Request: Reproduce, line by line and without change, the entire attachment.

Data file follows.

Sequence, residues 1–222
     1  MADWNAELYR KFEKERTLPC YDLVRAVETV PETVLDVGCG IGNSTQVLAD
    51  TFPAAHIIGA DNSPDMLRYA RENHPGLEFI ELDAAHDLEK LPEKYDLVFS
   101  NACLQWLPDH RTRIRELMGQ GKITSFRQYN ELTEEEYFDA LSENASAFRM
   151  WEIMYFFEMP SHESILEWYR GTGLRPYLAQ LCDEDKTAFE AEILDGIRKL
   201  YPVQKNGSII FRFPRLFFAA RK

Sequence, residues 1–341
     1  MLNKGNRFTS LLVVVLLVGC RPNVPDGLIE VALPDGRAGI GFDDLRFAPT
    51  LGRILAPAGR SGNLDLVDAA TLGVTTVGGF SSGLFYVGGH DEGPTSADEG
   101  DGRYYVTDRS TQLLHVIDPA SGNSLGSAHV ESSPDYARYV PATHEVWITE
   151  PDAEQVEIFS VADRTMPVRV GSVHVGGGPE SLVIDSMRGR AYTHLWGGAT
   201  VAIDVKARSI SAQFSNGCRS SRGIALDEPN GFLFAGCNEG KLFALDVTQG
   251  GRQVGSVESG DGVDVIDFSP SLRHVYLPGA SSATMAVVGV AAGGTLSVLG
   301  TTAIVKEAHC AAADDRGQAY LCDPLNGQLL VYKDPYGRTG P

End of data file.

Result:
Sequence, residues 1–222
     1  MADWNAELYR KFEKERTLPC YDLVRAVETV PETVLDVGCG IGNSTQVLAD
    51  TFPAAHIIGA DNSPDMLRYA RENHPGLEFI ELDAAHDLEK LPEKYDLVFS
   101  NACLQWLPDH RTRIRELMGQ GKITSFRQYN ELTEEEYFDA LSENASAFRM
   151  WEIMYFFEMP SHESILEWYR GTGLRPYLAQ LCDEDKTAFE AEILDGIRKL
   201  YPVQKNGSII FRFPRLFFAA RK

Sequence, residues 1–341
     1  MLNKGNRFTS LLVVVLLVGC RPNVPDGLIE VALPDGRAGI GFDDLRFAPT
    51  LGRILAPAGR SGNLDLVDAA TLGVTTVGGF SSGLFYVGGH DEGPTSADEG
   101  DGRYYVTDRS TQLLHVIDPA SGNSLGSAHV ESSPDYARYV PATHEVWITE
   151  PDAEQVEIFS VADRTMPVRV GSVHVGGGPE SLVIDSMRGR AYTHLWGGAT
   201  VAIDVKARSI SAQFSNGCRS SRGIALDEPN GFLFAGCNEG KLFALDVTQG
   251  GRQVGSVESG DGVDVIDFSP SLRHVYLPGA SSATMAVVGV AAGGTLSVLG
   301  TTAIVKEAHC AAADDRGQAY LCDPLNGQLL VYKDPYGRTG P